When former Vermont Gov. Howard Dean formally assumes the chairmanship of the Democratic National Committee later this week, he will have to grapple with the fact that a handful of political consultants are already leery of his plans to reform the organization.
While a number of consultants contacted for this story professed no ill will toward Dean, they did acknowledge that some members of their profession have concerns about the incoming DNC chairman.
Dean ran his DNC campaign on the same reform-minded message that catapulted him from a little-known governor of a small state to frontrunner status in last year’s Democratic presidential primaries.
Illustrating Dean’s impending struggle is a decision by the DNC to use Ed Reilly, a pollster with the firm Westhill Partners, to handle a recent Social Security survey for the committee.
The choice of Westhill prompted grumbling among some consultants who immediately noted the firm’s connection to the incoming chairman, through its recent hiring of Jim Jordan, an adviser to Dean, several sources said.
“Ed Reilly is a fantastic guy, but the last campaign he did was [former Rep. Richard] Gephardt’s presidential campaign, and I am not sure what he has done before or since,” said one Democratic strategist, who spoke on the condition of anonymity. Erik Smith, a longtime aide to Gephardt (D-Mo.), also recently joined Westhill.
A Democratic consultant added that “a lot of people think that the people that jumped on the Dean bandwagon had larger contractual concerns going forward.”
Officials at both the DNC and the Dean campaign rejected the criticism, pointing out that Reilly’s hiring was done by the outgoing chairman, Terry McAuliffe, and was handled without Dean’s knowledge.
“Lest any anonymous grumblers get too carried away with their conspiracy theories, the facts are these: The DNC made the decision to commission this poll in November, long before a single candidate announced, and based that decision entirely on merit and projected cost,” said DNC spokesman Jano Cabrera.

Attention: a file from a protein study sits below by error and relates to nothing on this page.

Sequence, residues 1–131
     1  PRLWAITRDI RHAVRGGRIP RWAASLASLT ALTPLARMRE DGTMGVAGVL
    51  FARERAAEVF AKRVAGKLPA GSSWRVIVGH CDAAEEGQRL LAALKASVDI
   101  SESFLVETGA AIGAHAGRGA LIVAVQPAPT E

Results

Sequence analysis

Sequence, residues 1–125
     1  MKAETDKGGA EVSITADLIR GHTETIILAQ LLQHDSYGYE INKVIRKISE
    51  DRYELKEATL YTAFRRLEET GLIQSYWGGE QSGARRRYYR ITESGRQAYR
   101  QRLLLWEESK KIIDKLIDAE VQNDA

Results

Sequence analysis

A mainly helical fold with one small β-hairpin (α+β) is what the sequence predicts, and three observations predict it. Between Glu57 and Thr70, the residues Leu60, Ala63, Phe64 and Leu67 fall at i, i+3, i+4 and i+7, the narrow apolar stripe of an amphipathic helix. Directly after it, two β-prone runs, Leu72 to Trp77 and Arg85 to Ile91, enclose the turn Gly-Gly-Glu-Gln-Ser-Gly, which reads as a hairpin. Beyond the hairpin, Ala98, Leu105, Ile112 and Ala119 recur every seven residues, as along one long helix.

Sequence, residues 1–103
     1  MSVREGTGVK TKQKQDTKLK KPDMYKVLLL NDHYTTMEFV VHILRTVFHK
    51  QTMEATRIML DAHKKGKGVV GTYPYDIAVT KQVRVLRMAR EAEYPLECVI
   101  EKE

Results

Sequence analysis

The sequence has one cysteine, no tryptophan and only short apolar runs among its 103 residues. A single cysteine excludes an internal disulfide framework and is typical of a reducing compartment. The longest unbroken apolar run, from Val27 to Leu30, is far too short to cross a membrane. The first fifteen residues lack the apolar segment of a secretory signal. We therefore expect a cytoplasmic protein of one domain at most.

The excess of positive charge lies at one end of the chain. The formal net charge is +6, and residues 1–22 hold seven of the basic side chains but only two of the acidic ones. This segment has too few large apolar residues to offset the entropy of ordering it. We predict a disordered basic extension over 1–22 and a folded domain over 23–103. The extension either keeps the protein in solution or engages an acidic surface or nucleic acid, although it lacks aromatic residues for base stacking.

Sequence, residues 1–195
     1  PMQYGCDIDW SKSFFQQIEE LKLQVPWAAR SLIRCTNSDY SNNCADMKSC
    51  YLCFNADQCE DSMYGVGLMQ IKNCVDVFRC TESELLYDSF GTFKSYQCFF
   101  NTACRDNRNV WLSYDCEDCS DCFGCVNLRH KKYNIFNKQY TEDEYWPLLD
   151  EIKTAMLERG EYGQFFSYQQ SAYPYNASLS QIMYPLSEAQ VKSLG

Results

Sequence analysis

Jordan was more succinct: “The whole episode is just so bizarre and sleazy,” he said of the complaints. “I assume it’s just the squeals of a couple of pigs worried about their longtime spots at the trough.”
The murmurs surrounding what seems to be a simple misunderstanding highlight the level of mistrust regarding Dean within the community of Democratic consultants.
During his run for the White House, he once described Members as “cockroaches” and promised that when he was elected, he would send them scurrying from the bright light of reform.
Dean has also expressed disdain for the Washington political culture that he alleged conducts polls to decide what to think.
While Dean has softened his rhetoric somewhat in the DNC race, some Democrats are waiting nervously to see whether his proposed reform includes a house-cleaning of consultants who have reaped the financial largess of a committee that raised and spent $400 million last cycle.
“There is some concern,” acknowledged a Democratic consultant who has worked with the DNC in the past. The consultant insisted, however, that the primary concerns about Dean are not about whether the money spigot will be turned off at the new DNC.
“We will still get business because the cream will always rise to the top,” said the consultant. “The bigger concern is what he is actually going to mean to the party’s brand.”
That sentiment was echoed by several other party consultants and strategists, none of whom would allow their name to be used for this story.
While Dean has spent considerable time as a DNC candidate emphasizing that he is not the ultra-liberal that some in Washington believe him to be, he remains a perplexing — and worry-inducing — figure for some in the party’s establishment.
Much of that concern is based on Dean’s implosion following his third-place finish in the Iowa caucuses, a defeat punctuated by his now infamous scream at a post-caucus rally for his supporters.
Despite raising upwards of $50 million, Dean’s campaign staggered into New Hampshire and, after placing second there, largely disappeared — one of the most meteoric falls for a frontrunning presidential campaign in memory.
That collapse led to the departure of Joe Trippi, the Washington-based media consultant who had become a star in his own right thanks to his position as Dean’s campaign manager.
Trippi’s former firm — now known as McMahon, Squier & Associates — remains close to Dean. Those close to Dean expect Steve McMahon, a principal in the firm, to be a DNC mainstay during a Dean chairmanship.
One party strategist said the largest question surrounding Dean’s chairmanship is whether he treats his new post as if he has been elected president.
“If he looks at this job as an opportunity to promulgate his message and his persona to the country at large as to what the Democratic Party is about, that is problematic,” said the source. “If he uses his skill to work within the party he will wind up doing pretty well.”